NICE AND EASY: What is a headend?

Once you get into the business of satellite TV for business, you run into all sorts of new terminology. A lot of these words sound funny and sound like they don’t belong there. One such term is “headend.”

In old train jargon, a “headend” is where all the trains go to, and where they all come from. When it comes to television, a headend system is very much the same thing. Let’s take a look at the term “headend” and what a headend system is.

Headends for commercial TV

A headend is a system that collects the signal from antennas, cable or satellite receivers, and then gets it ready to be sent over a single wire to a bunch of different places. Think about a hotel where you get about 15-20 channels and they are all tuned using the TV. That’s a headend system — somewhere in the hotel is a rack full of equipment, making all that happen.

The key part of a headend system is the modulator. A modulator is a bigger, fancier version of the device that used to be in VCRs or videogames that let the signal show on channel 3 of your TV. A modulator is a little fancier than that because it has to build several channels into what’s called a QAM (pronounced “kwam.”) This system lets you control the quality of the channels as well as how many there are. The better quality you want, the fewer channels you get.

Big headends vs. small ones

In the past, headend systems were, simply, huge. A 30 channel system could take up three large racks in a closet. Miniaturization helped, and today a traditional headend system can fit about 100 channels in that same space. However, that’s still a lot of space.

Both DIRECTV and DISH have compact headend systems. These systems can fit over 100 channels’ worth of equipment into a space about the size of a microwave oven. They do it by building the receiver hardware right into the box, eliminating the need for extra components that aren’t used in headends anyway.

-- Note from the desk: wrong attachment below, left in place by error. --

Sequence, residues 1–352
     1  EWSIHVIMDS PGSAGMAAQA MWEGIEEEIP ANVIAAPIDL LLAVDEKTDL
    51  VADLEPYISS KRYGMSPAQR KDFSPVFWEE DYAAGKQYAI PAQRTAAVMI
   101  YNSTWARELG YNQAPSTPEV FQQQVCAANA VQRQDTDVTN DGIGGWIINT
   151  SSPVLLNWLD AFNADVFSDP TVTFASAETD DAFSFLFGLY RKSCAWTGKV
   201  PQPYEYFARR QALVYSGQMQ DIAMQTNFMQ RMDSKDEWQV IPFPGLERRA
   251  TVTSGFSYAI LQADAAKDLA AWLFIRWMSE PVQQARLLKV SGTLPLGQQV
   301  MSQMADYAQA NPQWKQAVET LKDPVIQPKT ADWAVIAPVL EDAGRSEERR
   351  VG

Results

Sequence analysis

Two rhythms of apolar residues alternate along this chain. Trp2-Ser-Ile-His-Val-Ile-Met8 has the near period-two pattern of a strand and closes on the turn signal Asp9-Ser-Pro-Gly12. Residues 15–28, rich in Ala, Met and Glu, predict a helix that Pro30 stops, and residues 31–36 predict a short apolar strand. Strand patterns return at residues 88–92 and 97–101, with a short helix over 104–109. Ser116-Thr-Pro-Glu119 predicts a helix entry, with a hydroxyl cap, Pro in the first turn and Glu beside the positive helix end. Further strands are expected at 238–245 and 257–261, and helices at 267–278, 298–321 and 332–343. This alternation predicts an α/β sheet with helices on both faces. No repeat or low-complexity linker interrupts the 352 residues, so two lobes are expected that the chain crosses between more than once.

DIRECTV’s system, the COM3000, is pictured above. DISH’s system, the Smartbox, looks similar with an overall red color that matches DISH’s corporate branding. In many cases, the compact systems can be less expensive than the full-size ones. They’re a win-win, but you should know that some planning is required. Both compact headends require TVs capable of working with encrypted signals. While your typical big-box purchased TV doesn’t do this, you can get these TVs for about the same price as a comparable TV of the same quality. It’s worth taking a little time to plan ahead.

Your headend headquarters

A good HD headend system can be costly, but once installed it is very reliable and doesn’t need a lot of maintenance. Modern systems allow a tech to log in through the internet, fixing minor problems from anywhere. If you’re looking for a headend system, call Signal Connect at 888-233-7563. Our team can help you build the system you really want, and will help you maintain it so that it stays in perfect condition throughout the years. Our corporate offices in Novi, Michigan, are open during East Coast business hours. If it’s after hours, fill in the form below and we’ll get back to you, usually within one business day.

About the Author

Stuart Sweet
Stuart Sweet is the editor-in-chief of The Solid Signal Blog and a "master plumber" at Signal Group, LLC. He is the author of over 8,000 articles and longform tutorials including many posted here. Reach him by clicking on "Contact the Editor" at the bottom of this page.